The American solar industry employed a record-high 260,077 workers in late 2016, according to a new report by The Solar Foundation.
The Washington, D.C.-based solar advocacy nonprofit has tracked changes in the solar workforce since 2010. Their latest report, released Tuesday, reveals that the industry added 51,215 jobs in 2016 and has had job growth of at least 20 percent for four straight years. It added jobs in 44 out of 50 states last year.
California continued to be the best state for solar employment last year with 100,050 jobs, up 32 percent from 2015. Texas, the third-ranked state for solar job numbers, similarly saw a 34 percent increase to 9,396 in 2016.
Massachusetts, the second-ranked state, and Nevada, the fourth-ranked state, however, experienced dips in their job numbers. So did Delaware, New York, New Jersey and Tennessee. This report provided the state-by-state jobs numbers for 2016 and 2015, but offered little analysis. That will be the focus of a follow-up report slated to be released in March.
"Last year, one out of every 50 new jobs created here in America was a solar job," Abigail Ross Hopper, president and chief executive of the trade group Solar Energy Industries Association, said in a statement. SEIA is a sponsor of The Solar Foundation's jobs report. "That's an incredible finding that proves that solar energy is increasingly becoming a linchpin in America's economy."
The growth is largely driven by a boom in solar installations nationwide. In the third quarter of 2016, the latest quarter for which data is available, more than 4 gigawatts of new solar capacity was installed. That's the most new solar added in the U.S. in a single quarter and represents enough solar to power 6.5 million homes.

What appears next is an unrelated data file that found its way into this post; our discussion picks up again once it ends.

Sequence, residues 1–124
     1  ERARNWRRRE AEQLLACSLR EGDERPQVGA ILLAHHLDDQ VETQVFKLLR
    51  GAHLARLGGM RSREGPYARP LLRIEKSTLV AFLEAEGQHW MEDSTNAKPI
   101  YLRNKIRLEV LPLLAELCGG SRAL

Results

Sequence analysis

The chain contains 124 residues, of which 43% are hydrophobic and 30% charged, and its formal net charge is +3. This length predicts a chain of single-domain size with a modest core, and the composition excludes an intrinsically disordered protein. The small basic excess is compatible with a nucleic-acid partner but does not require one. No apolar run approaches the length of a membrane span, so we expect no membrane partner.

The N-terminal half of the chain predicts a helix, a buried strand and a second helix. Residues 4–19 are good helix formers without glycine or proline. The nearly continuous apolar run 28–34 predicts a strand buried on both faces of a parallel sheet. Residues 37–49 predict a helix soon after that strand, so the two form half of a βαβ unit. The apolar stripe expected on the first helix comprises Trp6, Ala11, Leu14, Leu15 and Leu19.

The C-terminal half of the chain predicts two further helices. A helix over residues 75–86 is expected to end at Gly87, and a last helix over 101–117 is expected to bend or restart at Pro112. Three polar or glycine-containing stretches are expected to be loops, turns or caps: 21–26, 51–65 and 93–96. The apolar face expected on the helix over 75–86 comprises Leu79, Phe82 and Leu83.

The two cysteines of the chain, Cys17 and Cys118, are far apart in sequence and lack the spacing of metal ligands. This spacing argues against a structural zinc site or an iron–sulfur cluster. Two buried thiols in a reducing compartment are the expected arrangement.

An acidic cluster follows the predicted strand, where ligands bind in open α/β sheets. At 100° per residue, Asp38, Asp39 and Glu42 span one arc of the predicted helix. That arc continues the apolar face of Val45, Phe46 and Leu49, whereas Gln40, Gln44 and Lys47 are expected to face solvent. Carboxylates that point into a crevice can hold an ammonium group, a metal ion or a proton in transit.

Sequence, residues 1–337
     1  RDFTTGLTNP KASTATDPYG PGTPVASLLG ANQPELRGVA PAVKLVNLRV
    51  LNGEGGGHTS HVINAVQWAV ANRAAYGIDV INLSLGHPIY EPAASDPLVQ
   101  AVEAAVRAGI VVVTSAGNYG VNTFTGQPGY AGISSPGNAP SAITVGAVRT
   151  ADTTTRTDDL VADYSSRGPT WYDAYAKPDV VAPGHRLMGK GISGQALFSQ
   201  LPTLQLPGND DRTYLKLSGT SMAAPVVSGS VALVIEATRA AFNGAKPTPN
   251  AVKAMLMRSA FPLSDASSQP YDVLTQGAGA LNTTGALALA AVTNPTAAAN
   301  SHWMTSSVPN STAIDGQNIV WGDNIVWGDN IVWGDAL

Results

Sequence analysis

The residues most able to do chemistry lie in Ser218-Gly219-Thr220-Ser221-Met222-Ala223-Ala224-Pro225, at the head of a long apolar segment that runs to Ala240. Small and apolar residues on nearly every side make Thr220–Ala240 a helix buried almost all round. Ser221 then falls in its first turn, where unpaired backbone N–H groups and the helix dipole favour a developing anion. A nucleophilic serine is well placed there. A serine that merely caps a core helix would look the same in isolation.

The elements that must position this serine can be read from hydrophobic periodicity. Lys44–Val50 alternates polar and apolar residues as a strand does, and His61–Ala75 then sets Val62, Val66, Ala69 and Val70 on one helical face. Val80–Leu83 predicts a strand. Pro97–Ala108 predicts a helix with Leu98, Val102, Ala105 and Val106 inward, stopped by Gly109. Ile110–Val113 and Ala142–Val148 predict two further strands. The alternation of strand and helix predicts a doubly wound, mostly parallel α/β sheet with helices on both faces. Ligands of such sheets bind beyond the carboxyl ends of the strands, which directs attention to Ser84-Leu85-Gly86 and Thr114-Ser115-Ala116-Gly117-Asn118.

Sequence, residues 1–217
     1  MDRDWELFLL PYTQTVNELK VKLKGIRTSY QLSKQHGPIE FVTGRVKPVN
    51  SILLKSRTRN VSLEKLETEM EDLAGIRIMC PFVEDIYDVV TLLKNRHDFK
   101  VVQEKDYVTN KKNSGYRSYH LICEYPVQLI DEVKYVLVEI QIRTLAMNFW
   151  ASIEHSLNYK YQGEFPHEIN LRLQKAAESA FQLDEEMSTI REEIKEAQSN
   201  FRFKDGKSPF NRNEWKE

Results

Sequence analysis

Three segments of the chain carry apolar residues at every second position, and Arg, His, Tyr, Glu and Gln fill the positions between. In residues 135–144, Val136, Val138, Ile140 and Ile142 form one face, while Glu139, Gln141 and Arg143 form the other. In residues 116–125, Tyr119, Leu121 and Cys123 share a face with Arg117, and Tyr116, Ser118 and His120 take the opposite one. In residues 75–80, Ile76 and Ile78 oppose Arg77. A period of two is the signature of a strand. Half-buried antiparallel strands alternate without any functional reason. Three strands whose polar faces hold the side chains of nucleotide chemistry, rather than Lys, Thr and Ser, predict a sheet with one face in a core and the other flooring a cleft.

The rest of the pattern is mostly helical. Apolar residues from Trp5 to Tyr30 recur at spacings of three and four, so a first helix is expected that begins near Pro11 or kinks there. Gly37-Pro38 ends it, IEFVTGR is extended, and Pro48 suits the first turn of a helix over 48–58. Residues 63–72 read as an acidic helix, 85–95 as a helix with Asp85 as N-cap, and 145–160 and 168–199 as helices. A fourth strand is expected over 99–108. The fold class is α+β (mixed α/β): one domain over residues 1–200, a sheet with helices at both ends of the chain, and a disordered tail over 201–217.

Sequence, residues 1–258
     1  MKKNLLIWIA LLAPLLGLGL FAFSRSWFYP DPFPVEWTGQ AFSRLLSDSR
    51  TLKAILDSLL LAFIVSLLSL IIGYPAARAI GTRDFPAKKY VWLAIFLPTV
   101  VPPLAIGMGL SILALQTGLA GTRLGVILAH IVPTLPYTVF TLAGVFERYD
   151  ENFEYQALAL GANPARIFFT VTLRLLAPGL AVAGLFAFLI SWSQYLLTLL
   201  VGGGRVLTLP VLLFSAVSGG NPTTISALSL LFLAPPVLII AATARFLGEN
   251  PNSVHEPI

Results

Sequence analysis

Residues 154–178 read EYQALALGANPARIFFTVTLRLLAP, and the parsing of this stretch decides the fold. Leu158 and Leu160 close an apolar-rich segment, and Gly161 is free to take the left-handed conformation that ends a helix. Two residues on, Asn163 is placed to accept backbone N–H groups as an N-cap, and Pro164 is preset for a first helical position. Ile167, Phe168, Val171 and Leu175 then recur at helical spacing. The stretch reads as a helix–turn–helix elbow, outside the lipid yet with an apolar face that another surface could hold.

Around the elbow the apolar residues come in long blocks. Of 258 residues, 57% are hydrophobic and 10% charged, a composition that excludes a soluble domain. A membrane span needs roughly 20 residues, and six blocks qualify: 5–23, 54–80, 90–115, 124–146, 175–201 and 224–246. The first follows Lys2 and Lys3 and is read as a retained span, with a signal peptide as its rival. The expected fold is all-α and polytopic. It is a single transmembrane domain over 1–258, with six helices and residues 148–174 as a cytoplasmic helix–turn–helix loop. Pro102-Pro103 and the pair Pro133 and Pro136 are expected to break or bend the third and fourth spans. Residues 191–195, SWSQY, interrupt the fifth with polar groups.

Market forces have partly fueled the boom, such as declining costs of solar power. The extension of the federal tax credit for solar companies until 2021, as well as some pro-solar state policies and incentives have also spurred the industry's growth.
The new report projects the solar industry will add more than 25,000 jobs in 2017, including jobs in installation, manufacturing, sales and distribution, project development and other areas. The report authors also described several potential obstacles to future growth, including declining fossil fuel prices, especially for natural gas, and changes to state policies.
Another example is the possible undoing of the Obama administration's signature climate rule, called the Clean Power Plan. This rule, finialized in 2015, mandates the decrease of greenhouse emissions from power plants and was expected to help support long-term growth in solar and other clean energy altneratives. But President Donald Trump has promised to revoke the rule and it is already under review by the U.S. Court of Appeals.